Dubious claim, blooper mar Lapulapu tributes | Inquirer News

Dubious claim, blooper mar Lapulapu tributes

The memory of the warrior Lapulapu is being besieged by misinformation and ignorance 500 years after his victory against invaders.

Speaking in Lapu-Lapu City at a program marking the 500th anniversary of the historic clash between the natives led by Lapulapu and Spanish troops led by Portuguese explorer Ferdinand Magellan, Sen. Bong Go cited a theory that the warrior was not from Mactan Island but part of a Mindanao kingdom.


Cebuano historians bristled at Go’s claim, saying it was incorrect and ill-advised.

Also on Tuesday in Cavite, Vice Gov. Jolo Revilla extolled Magellan online as “one of the Philippines’ first heroes.” He later realized his gaffe and blamed it on an intern in his staff.


‘Mistakes of the past’

Speaking in Filipino, Go said it was equally important “to look back at our past” and “to correct the mistakes of the past so we can understand the present and face the future with confidence.”

He cited a theory of Abraham Idjirani, an official of the Sultanate of Sulu, who believed that Lapulapu was ordered to travel from Mindanao to check on foreigners who had arrived in the country.

“I and President Duterte are from Mindanao,” said Go, a longtime aide of Mr. Duterte. “We too are ‘bisaya.’ But based on a version of history, the former East Kingdom of Sulu, which guards the 7,107 islands of the Philippines, requested Lapulapu to be vigilant after foreigners were seen near Mactan.”

Go said the historic clash took place only because Lapulapu and Magellan met in Mactan.

But Cebuano historians protested Go’s account.

Archeologist Jose Eleazar Bersales said Go might have taken his account from Dr. Danilo Gerona’s book titled “Ferdinand Magellan, The Armada de Maluco and the European Discovery of the Philippines.”

“Most of what is known about Lapulapu in recent times was embedded in folk myths and legends, heavily loaded with nationalist discourses,” Bersales told the Inquirer.


“I warned that as the 500th anniversary of the historic Battle of Mactan approached, there will be idiotic claims about Lapulapu, about his being Muslim, and Bornean at that,” Bersales said.

‘Inventing history’

The only existing primary source mentioning Lapulapu by name is the account of Antonio Pigafetta, the chronicler of the Magellan expedition in 1521.

Said Bersales: “Where did Lapulapu come from? What was his genealogy? Nobody actually knows. Pigafetta, who kept a log of the Magellan expedition, was not interested in genealogies of native chiefs.

“[With] this vacuum… came attempts at filling it up by inventing history, cloaking it as folklore handed down from one’s grandparents or, in the case of the story of the 10 Bornean datus, from an old trunk full of papers.”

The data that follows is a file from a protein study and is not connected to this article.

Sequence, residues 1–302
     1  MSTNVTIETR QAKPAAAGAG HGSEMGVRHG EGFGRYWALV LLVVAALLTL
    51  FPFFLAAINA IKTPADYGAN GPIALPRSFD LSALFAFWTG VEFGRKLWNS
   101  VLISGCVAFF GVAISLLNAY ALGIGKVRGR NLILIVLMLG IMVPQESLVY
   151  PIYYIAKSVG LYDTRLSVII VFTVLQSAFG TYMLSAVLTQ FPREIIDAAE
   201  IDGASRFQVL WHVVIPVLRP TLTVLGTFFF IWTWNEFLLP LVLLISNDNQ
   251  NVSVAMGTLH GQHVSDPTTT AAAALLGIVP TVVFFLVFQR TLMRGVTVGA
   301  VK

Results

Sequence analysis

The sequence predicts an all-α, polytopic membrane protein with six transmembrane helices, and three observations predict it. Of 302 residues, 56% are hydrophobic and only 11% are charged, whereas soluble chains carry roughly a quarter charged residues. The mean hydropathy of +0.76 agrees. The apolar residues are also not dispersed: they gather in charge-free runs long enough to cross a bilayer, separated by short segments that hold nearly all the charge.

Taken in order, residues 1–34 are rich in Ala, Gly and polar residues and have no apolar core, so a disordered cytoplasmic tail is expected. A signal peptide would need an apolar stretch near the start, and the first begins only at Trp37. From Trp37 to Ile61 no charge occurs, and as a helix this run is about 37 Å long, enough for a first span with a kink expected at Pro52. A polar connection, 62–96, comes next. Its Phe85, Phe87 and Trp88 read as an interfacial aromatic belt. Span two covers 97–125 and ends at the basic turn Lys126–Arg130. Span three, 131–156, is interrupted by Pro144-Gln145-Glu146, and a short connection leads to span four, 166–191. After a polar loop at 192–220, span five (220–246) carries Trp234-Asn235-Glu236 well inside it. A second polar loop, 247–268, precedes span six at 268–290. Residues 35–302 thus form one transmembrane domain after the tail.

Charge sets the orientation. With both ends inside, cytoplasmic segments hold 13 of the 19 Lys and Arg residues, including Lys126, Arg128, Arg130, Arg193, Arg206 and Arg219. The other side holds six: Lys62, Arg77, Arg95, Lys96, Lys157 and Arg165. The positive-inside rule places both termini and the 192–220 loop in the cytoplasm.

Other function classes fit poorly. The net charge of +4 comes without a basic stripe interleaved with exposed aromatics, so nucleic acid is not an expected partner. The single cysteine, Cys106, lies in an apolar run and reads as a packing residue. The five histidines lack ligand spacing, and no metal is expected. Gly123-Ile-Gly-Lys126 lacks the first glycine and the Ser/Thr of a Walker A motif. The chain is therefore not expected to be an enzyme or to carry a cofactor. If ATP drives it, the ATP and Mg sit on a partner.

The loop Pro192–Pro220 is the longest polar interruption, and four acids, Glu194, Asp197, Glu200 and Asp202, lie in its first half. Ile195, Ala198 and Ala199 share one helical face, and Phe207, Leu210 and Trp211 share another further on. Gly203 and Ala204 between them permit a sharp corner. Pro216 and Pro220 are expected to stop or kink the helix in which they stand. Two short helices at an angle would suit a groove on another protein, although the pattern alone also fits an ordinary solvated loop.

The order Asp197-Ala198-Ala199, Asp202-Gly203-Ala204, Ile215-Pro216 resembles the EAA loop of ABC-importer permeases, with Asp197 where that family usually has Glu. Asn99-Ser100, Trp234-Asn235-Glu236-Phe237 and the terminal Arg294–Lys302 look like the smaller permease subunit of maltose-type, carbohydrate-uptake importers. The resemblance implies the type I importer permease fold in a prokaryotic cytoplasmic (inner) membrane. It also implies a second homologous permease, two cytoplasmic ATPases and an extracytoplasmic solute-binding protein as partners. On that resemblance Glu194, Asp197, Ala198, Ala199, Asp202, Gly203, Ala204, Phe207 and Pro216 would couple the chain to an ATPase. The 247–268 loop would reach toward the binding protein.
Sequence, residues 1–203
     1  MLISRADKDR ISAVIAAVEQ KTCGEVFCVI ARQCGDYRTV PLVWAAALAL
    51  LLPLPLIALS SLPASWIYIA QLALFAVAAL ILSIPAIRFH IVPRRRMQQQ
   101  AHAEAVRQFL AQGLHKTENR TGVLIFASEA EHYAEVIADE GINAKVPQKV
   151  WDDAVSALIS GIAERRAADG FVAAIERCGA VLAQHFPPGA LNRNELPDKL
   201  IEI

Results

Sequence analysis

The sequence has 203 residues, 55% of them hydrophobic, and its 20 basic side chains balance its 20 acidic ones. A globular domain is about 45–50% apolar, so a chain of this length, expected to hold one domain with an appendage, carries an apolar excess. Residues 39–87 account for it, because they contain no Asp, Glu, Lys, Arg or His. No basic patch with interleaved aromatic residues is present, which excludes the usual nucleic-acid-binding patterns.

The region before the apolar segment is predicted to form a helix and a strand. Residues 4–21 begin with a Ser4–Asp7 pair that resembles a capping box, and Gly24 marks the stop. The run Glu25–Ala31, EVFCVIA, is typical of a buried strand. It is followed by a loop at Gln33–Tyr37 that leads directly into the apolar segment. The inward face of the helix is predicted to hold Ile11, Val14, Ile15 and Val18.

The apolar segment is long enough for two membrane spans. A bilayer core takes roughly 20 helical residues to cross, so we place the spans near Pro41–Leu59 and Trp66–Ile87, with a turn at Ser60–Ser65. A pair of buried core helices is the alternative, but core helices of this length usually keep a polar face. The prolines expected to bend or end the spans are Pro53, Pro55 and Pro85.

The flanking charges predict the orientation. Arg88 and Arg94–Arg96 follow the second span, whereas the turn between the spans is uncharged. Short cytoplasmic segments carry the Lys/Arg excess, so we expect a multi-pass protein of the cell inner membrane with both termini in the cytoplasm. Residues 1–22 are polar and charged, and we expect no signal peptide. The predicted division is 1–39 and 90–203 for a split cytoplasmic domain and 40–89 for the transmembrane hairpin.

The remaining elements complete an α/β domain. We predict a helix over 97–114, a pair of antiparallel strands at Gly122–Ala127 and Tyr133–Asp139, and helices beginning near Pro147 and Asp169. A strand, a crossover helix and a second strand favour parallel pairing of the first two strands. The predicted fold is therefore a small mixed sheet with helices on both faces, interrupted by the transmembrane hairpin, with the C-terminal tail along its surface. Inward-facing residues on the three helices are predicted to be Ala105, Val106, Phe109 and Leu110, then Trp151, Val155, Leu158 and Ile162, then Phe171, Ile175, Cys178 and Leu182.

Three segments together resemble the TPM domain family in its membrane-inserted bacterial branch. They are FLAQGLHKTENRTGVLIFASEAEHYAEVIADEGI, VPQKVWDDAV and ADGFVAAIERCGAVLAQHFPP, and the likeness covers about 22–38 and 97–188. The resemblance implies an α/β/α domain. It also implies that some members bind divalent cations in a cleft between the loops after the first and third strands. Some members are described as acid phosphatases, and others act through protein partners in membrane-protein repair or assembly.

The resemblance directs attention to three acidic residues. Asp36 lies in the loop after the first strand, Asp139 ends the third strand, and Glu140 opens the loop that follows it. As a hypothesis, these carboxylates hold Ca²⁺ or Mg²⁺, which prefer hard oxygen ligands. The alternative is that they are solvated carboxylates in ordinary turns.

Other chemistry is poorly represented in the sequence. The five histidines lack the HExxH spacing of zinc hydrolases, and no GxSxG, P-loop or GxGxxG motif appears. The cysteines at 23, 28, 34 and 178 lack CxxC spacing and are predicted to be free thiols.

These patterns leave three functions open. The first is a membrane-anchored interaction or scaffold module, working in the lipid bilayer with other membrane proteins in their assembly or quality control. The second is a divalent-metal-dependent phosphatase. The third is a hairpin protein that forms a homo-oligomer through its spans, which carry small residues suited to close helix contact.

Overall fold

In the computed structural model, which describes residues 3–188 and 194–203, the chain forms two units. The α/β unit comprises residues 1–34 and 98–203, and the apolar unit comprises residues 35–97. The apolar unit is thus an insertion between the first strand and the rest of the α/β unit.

Another historian, Paul Clarence Oaminal, described Go’s claim as “baseless.”

“If Lapulapu were Tausug and Islam his religion, he should have constructed a mosque in Mactan as mandated in the Quran,” Oaminal said.

He said that according to history books, Lapulapu was the son of Hari Mangal and Hara Bauga, who gave birth to him on Mactan Island.

Go said that “from Sulu, Lapulapu brought with him several Tausug warriors on board some boats.”

“They were met by Magellan’s soldiers, which led to the Battle of Mactan where [Magellan] was killed,” the senator said, adding:

“Part of the victory were those people from Mindanao who fought the invaders. That is why President Duterte wholeheartedly looks up to Lapulapu.”

Oaminal called on the Lapu-Lapu City government to commission the writing of a book by Cebuano historians. “After which there should be an ordinance [declaring] the book as the official account of Lapulapu’s life,” he said.

Revilla’s salute

In his post in Filipino, Cavite Vice Governor Revilla said he was saluting “the bravery of one of the Philippines first heroes, Ferdinand Magellan, who gave up his life for our freedom 500 years ago.”

After receiving a bashing online, he said: “I apologize for the earlier confusing post on our celebration of Lapulapu’s victory in Mactan 500 years ago. An intern in our social media team posted the caption to our meme without first clearing it. Again, my sincerest apologies to our Cebuano kababayan and to all Filipinos.”

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TAGS: Battle of Mactan, Christopher "Bong" Go, Christopher Go, Jolo Revilla, lapulapu
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